New Jersey is one of the states that embraced public spending cuts under former GOP Gov. Chris Christie. Christie took office in 2010 and quickly launched a campaign against New Jersey teachers and their unions. “I love the public schools, but the fact of the matter is there is excess and greed there,” Christie told CNBC in 2010 as part of massive effort to paint public school teachers as being overcompensated.
And in 2011, largely in response to the post-recession climate and pressures from Christie, the state legislature passed a brutally austere measure known as Chapter 78, a massive public benefits reform bill which mandates public workers, including teachers, pay a percentage of their own health insurance.
New Jersey educators quickly felt the financial burden of the law, which resulted in an overall reduction in take-home pay and turned the expenses of day-to-day life—rent, food, car payments—into serious financial burdens. Despite Christie’s claims that teachers were overpaid, analysts found the opposite is true: New Jersey educators are paid 16.8 percent less in weekly wages than other full-time workers in the state.
The one-two punch of being underpaid and saddled with ever-inflating health insurance led teachers in Jersey City to stage a walkout in March, demanding higher salaries and a reduction in health insurance payments. The walkout worked, and the school district’s first strike in 20 years led to a new contract agreement.
Much like the negative effects of Chapter 78 on teachers in Jersey City, the effects of state-level austerity cuts on local school districts have been grim across the United States. State aid is integral for all K-12 schools and accounts for, on average, 47 percent of revenue, according to the Center on Budget and Policy Priorities (CBPP). Since the Great Recession, which began after the housing market meltdown in 2008, austerity measures and reductions in state-level public school funding have forced local districts to make nearly impossible decisions. This includes an increase in last-ditch-effort fundraising measures (including bake sales and phone-a-thons) and dramatic, to-the-bone programming cuts.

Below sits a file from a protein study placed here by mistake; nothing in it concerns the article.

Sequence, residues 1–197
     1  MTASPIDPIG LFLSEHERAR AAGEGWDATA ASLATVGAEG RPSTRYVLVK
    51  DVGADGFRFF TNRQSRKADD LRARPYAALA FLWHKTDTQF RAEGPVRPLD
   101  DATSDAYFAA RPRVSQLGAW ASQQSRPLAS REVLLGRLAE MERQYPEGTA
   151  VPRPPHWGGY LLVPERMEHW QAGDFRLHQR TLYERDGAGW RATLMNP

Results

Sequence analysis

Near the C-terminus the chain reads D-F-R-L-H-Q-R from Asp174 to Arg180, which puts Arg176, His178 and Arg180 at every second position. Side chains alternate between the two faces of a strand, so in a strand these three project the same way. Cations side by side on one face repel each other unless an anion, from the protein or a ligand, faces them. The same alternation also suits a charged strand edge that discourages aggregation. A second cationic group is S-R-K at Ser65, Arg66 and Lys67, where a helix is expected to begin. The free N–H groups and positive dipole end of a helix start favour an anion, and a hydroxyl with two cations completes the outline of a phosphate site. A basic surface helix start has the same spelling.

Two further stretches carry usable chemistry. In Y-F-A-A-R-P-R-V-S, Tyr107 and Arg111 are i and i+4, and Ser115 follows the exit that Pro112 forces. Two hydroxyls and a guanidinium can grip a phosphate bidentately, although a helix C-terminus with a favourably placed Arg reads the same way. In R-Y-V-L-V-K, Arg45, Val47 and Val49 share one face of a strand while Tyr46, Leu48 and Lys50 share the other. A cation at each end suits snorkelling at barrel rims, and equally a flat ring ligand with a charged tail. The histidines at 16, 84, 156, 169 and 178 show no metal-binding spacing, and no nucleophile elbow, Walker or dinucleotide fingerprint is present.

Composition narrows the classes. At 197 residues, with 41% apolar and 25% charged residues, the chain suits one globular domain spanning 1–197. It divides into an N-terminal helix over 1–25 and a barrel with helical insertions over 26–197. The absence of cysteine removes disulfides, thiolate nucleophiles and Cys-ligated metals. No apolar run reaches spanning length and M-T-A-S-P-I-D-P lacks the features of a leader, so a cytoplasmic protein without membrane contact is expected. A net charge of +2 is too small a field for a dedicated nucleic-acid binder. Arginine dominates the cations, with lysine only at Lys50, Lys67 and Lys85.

Such heavy blows to school resources have become a common phenomenon and are poised to have a deeply negative effect on student achievement, especially in low-income communities.
In Oklahoma, where teachers staged a two-week walkout until the state’s GOP-majority legislature conceded to most teacher union demands, this comes as no surprise.
“Like in every other state, Oklahoma cut education substantially after the Great Recession. Since then, the money has never really come back,” said Gene Perry, director of strategy and communications for the Oklahoma Policy Institute (OPI). “Year after year, education got either flat funding, more cuts or small increases, but it was never enough to recover what had been cut.”